Agents and environments • The agent function maps from percept histories to actions: [f: Agents and environments • The agent function maps from percept histories to actions: [f: P* A] • The agent program runs on the physical architecture to produce f • agent = architecture + program

Vacuum World • Percepts: location, contents – e. g. , [A, dirty] • Actions: Vacuum World • Percepts: location, contents – e. g. , [A, dirty] • Actions: {left, right, vacuum, …}

Rational agents • Rational Agent: For each possible percept sequence, a rational agent should Rational agents • Rational Agent: For each possible percept sequence, a rational agent should select an action that is expected to maximize its performance measure, based on the evidence provided by the percept sequence and whatever built-in knowledge the agent has. • Performance measure: An objective criterion for success of an agent's behavior (“cost”, “reward”, “utility”) • E. g. , performance measure of a vacuum-cleaner agent could be amount of dirt cleaned up, amount of time taken, amount of electricity consumed, amount of noise generated, etc.

Rational agents • Rationality is distinct from omniscience (all-knowing with infinite knowledge) • Agents Rational agents • Rationality is distinct from omniscience (all-knowing with infinite knowledge) • Agents can perform actions in order to modify future percepts so as to obtain useful information (information gathering, exploration) • An agent is autonomous if its behavior is determined by its own percepts & experience (with ability to learn and adapt) without depending solely on build-in knowledge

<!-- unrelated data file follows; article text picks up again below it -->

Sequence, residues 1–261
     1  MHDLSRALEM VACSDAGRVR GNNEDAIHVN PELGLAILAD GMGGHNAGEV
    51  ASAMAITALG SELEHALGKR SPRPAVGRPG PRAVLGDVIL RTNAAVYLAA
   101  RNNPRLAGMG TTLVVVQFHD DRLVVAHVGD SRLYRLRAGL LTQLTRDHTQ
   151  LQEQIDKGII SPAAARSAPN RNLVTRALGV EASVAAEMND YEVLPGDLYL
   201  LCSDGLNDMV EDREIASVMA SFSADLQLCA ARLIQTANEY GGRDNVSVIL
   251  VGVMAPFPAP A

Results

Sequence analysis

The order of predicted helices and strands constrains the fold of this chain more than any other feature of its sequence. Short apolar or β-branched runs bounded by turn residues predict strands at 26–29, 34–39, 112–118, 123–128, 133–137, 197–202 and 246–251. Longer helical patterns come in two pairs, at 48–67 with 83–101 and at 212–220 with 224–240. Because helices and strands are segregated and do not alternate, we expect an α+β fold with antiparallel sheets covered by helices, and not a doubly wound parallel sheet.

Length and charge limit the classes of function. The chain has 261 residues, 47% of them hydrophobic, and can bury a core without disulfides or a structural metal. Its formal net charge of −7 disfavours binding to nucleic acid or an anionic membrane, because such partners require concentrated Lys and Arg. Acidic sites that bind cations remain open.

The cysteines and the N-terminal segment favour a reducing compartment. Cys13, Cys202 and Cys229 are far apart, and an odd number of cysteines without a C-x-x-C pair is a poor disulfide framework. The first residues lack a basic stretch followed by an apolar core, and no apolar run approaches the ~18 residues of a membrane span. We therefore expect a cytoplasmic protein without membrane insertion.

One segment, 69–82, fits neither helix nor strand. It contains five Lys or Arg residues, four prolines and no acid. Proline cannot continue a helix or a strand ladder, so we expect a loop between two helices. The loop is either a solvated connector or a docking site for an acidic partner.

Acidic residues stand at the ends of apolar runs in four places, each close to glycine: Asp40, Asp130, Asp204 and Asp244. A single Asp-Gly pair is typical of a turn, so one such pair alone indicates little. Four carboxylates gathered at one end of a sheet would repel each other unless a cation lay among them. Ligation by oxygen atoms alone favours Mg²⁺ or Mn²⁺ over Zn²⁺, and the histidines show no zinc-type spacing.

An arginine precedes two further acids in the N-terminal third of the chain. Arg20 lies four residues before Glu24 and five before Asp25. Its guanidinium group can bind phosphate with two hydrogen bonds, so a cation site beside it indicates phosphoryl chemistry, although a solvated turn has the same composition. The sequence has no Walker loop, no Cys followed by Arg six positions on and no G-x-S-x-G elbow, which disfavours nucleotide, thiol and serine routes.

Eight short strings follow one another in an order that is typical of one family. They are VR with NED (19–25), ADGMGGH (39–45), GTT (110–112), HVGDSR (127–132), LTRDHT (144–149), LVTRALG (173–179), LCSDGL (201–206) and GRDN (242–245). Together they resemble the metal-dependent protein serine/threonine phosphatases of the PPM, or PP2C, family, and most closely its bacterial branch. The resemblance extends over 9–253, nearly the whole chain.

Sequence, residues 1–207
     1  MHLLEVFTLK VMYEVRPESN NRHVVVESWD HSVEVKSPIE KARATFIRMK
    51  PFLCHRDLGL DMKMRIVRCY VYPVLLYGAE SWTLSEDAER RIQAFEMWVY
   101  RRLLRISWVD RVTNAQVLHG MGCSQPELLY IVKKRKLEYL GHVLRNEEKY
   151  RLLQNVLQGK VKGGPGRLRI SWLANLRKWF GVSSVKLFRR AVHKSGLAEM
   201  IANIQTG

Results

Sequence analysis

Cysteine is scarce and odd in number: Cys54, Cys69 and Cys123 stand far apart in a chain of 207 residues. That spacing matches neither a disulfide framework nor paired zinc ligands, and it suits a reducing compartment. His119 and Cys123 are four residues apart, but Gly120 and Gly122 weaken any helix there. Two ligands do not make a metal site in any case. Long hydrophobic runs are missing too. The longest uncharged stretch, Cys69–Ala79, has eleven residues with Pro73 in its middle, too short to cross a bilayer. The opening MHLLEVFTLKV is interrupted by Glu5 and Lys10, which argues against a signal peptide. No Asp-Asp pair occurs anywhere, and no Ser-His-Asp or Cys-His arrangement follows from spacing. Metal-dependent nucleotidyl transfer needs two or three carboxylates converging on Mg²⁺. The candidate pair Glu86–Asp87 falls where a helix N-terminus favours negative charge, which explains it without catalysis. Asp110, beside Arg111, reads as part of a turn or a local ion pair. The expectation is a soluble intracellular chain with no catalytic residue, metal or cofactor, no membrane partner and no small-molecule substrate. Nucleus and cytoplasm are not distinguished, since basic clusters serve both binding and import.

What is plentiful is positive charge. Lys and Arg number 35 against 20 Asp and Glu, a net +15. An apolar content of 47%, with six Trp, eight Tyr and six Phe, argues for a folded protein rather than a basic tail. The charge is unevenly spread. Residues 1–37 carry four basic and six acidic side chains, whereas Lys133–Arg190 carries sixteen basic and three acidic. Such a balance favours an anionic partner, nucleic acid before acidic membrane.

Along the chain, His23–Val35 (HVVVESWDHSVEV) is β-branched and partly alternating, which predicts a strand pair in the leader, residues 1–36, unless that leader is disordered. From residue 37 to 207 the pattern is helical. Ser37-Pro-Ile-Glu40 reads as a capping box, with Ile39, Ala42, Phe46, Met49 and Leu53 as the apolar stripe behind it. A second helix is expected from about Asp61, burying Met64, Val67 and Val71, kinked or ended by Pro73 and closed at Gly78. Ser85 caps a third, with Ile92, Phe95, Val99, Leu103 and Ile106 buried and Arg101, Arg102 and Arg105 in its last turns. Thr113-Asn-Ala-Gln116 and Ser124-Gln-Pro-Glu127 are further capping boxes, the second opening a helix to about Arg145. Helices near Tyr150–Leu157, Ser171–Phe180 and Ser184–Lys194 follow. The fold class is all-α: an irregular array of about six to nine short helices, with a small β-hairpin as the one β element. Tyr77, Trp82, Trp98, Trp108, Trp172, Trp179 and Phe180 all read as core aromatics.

Task environment • To design a rational agent, must specify task env. • Example: Task environment • To design a rational agent, must specify task env. • Example: automated taxi system – Performance measure “PEAS” • Safety, destination, profits, legality, comfort, … – Environment • City streets, freeways; traffic, pedestrians, weather, … – Actuators • Steering, brakes, accelerator, horn, … – Sensors • Video, sonar, radar, GPS / navigation, keyboard, …